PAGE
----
As a result, the political parties were stuck between loyalism and polarization. Each camp wanted to move closer to the regime and its fearful intelligence services, the Department of Intelligence and Service (DRS), which put in question their credibility. Therefore, it had complicated their position in any negotiation with the regime for power-sharing.
Aspirations and responses
President Abdelmadjid Tebboune’s new administration, however, elected under decisive and exceptional electoral circumstances of ideological tension and political polarization after the radical wing in the Hirak insisted on its surreal demand: “Overthrow the entire regime” has upheld its obstructive stance, hoping for Hirak Season 2. Last month, Tebboune submitted a constitutional draft, whose amendments include a proposal to create a vice president position appointed by the president.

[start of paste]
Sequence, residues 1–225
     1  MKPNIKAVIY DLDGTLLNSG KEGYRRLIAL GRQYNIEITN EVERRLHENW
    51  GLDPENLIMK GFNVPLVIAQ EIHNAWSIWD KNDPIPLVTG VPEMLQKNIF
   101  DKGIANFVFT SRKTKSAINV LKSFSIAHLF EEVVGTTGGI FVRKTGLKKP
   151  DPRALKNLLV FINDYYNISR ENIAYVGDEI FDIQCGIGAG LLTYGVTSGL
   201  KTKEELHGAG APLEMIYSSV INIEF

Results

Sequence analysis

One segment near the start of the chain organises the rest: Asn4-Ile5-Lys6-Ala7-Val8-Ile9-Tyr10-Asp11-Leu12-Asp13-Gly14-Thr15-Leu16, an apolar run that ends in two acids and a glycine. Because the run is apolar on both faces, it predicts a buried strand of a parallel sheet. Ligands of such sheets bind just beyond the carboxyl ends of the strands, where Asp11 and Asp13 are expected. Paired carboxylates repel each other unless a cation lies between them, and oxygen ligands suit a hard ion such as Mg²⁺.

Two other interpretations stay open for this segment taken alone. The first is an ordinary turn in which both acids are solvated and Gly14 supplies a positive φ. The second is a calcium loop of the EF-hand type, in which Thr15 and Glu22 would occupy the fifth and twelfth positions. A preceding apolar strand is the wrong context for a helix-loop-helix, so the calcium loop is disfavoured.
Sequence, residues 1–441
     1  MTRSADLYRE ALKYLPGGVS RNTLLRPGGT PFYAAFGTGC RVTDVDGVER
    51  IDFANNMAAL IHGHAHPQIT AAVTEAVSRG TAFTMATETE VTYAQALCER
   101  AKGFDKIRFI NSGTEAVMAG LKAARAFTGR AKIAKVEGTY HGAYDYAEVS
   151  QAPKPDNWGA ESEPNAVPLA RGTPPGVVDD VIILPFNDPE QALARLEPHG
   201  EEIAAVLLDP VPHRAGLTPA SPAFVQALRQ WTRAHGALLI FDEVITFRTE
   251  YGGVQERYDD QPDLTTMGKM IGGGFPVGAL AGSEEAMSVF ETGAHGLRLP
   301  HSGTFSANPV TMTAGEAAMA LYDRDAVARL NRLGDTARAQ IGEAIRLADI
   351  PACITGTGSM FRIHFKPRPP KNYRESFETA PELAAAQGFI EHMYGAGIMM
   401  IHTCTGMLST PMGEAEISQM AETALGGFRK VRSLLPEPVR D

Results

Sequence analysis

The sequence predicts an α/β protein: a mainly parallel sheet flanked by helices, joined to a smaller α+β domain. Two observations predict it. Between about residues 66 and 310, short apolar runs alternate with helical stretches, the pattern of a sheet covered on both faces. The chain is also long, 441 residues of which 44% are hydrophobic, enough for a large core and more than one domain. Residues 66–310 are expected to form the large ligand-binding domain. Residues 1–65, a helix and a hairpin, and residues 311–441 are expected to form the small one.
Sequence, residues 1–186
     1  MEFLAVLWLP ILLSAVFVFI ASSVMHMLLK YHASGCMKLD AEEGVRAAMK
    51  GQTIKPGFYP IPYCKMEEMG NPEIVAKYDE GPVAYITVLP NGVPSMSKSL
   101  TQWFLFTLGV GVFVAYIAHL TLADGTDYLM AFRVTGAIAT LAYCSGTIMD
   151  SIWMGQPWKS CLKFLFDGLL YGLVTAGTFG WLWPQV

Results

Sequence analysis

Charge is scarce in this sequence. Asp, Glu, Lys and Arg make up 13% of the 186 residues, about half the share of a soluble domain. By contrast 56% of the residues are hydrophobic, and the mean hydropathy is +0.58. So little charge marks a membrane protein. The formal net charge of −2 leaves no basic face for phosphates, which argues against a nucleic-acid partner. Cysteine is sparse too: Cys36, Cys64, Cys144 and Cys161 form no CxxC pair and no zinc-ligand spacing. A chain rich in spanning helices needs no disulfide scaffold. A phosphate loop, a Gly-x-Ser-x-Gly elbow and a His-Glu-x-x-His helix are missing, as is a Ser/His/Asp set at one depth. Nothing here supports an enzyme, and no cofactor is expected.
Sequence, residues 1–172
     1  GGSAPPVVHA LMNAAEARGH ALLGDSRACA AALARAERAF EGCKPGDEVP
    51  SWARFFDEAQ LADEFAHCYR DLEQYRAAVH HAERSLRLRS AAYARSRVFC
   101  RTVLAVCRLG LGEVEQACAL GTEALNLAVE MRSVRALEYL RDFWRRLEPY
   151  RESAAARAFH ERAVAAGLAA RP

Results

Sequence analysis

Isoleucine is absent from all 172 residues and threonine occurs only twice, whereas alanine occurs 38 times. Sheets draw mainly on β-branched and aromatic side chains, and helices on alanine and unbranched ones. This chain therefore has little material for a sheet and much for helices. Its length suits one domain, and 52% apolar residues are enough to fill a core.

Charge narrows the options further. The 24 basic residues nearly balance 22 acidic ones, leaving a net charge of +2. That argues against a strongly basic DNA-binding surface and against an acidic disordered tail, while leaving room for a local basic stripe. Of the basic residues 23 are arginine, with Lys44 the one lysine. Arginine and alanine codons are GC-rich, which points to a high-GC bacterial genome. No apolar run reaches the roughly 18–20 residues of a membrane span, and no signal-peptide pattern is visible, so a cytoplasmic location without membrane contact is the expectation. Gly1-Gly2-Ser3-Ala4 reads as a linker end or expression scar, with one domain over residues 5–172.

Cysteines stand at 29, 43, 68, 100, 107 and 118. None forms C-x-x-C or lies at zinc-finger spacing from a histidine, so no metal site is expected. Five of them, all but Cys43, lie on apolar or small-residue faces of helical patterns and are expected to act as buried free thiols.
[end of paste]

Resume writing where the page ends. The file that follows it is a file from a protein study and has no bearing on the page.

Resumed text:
Oddly enough, this new post creates a sense of confusion. Currently, Algeria has a semi-presidential system. If this passes, it means Algeria will have a different presidential system, not like the American one, where the vice president is elected alongside the president in a joint ticket system. In addition, along with participative democracy, individual and civil rights and freedom of belief and opinion are protected. However, reactions to the very draft constitution, from politicians, journalists, academics and civil society activists, were virulent on national and social media.
According to the draft constitution’s Article 30, Algeria, within the framework of the United Nations, the African Union and the Arab League states, will participate in peacekeeping operations.
Besides, the president can decide to send troops abroad after a two-thirds majority vote in the two chambers of the Algerian Parliament.